The redesigned engine enables Apple to perform adjustments to images that weren’t possible with the prior engine, adding features like chromatic aberration and halo fixes. And for photographers investing in new gear, Apple is now capable of supporting new cameras more quickly.
The proof of the pudding, it is said, is in the eating, so how well does this re-architected raw engine actually work? If anecdotal evidence on a couple of digital photography Web sites (Faded & Blurred and Luminous Darkroom) is any indication, it turns out that the new engine works quite well: Aperture 3, paired with the latest Digital Camera Raw Compatibility Update, is producing images with less noise and finer detail than Adobe’s product, at least in these cases.
They’re off to an auspicious start: Digital Camera Raw Compatibility Update 3.0 and 3.1 were released only a few weeks from one another.
Video and audio
Many newer DSLR cameras enable you to capture video and audio along with still images. Aperture 3 now supports that capability, allowing you to import and make some changes to those files. As with still images, you have the option of designating an external video editor (such as iMovie or Final Cut Pro) if you’d prefer to make more changes than simple clip trimming.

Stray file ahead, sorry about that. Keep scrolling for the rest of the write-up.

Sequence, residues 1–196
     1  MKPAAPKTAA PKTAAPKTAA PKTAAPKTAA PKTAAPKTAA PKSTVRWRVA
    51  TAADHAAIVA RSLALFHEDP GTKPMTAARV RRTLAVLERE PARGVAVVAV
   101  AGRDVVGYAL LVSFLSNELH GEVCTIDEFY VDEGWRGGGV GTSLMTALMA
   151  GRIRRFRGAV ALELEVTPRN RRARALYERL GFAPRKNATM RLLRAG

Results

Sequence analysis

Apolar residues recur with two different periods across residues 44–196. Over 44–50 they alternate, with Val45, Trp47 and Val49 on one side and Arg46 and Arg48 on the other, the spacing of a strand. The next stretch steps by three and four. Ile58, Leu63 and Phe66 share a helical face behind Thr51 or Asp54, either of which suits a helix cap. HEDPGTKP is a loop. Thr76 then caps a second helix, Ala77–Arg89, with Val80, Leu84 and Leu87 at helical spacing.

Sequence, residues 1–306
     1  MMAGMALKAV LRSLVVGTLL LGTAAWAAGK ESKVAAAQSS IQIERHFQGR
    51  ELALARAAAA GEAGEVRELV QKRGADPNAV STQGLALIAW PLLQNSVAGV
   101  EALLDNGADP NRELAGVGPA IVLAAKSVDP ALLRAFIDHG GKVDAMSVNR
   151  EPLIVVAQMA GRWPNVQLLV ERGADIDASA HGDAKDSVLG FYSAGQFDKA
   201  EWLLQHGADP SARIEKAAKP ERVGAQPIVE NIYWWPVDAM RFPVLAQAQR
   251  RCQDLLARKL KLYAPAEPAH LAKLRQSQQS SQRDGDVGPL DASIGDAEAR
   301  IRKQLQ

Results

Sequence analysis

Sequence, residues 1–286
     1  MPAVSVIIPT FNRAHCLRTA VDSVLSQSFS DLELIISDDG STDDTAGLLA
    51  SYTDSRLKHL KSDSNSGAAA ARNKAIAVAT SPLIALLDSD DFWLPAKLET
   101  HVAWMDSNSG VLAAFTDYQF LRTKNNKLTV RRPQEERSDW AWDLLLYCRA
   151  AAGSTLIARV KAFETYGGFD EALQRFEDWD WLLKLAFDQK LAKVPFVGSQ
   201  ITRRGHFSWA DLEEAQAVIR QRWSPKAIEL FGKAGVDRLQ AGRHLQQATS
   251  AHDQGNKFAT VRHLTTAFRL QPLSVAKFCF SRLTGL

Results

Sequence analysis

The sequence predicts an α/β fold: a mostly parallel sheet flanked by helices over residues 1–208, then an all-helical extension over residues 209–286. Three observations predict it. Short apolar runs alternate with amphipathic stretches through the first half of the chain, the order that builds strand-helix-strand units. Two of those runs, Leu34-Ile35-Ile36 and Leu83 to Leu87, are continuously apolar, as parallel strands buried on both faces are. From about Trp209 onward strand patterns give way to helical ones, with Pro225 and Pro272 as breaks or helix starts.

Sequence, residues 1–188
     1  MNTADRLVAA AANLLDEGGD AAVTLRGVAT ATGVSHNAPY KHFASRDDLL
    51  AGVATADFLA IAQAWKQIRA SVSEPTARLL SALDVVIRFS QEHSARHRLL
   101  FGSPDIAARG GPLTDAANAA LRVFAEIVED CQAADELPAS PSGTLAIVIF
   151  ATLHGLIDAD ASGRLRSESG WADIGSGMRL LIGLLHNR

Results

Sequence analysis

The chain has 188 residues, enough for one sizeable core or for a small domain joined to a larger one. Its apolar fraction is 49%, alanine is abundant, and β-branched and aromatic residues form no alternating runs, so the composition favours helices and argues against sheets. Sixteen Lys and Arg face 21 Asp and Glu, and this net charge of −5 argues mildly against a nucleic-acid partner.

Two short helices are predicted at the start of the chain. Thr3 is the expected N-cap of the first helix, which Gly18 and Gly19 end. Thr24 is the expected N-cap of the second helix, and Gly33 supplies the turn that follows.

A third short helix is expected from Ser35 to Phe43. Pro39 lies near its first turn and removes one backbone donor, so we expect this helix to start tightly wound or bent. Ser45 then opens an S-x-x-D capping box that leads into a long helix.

Custom output options
Aperture 3 adds new slideshow capabilities and now integrates support for export to popular blogging sites Facebook and Flickr. MobileMe export has been enhanced with caption support, and you can now publish video clips from Aperture to MobileMe galleries.
Once you’ve organized and edited your photos, you’ll want to output them. Aperture has added support for social networking sites where you’re likely to post or share photos, like Facebook and Flickr.